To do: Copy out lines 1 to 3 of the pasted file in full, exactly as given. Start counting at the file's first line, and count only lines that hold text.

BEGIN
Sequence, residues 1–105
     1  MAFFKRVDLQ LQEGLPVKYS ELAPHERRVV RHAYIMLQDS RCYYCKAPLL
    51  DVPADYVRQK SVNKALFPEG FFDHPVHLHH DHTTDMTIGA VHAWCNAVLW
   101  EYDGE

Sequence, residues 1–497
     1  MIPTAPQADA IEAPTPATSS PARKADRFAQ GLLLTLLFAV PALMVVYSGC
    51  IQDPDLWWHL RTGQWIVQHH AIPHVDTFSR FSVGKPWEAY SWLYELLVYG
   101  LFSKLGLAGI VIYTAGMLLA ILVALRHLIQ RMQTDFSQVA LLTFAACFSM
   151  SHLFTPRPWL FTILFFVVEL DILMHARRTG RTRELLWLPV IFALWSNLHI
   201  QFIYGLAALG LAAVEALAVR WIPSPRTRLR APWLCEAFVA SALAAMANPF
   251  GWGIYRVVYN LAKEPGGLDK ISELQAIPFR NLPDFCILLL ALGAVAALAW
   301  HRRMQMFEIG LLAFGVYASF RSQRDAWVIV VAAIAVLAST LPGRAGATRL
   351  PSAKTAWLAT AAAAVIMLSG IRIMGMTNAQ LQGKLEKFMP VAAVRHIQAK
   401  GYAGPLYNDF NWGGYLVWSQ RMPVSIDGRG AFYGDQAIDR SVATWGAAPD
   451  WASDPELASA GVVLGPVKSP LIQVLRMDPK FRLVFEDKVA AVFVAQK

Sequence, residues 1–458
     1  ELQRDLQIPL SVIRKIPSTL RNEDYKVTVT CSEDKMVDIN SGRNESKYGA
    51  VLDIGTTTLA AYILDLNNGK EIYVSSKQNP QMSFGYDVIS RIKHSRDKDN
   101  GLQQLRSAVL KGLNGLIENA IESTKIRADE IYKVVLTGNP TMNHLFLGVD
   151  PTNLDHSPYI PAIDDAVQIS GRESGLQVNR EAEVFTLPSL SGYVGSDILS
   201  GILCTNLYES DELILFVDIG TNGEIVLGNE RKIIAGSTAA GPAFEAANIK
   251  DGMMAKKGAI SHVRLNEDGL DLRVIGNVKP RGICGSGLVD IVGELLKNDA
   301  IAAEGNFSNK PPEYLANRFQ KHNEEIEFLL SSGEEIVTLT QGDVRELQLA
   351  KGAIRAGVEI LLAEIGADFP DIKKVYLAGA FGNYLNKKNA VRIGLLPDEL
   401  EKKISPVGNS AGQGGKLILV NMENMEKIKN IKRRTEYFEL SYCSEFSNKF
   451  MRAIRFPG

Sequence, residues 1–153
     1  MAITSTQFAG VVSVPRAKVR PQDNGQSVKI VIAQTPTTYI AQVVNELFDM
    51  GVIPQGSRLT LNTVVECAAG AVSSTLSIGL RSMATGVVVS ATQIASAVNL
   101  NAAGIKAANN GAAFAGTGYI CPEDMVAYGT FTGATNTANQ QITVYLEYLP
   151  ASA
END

Sequence, residues 1–105
     1  MAFFKRVDLQ LQEGLPVKYS ELAPHERRVV RHAYIMLQDS RCYYCKAPLL
    51  DVPADYVRQK SVNKALFPEG FFDHPVHLHH DHTTDMTIGA VHAWCNAVLW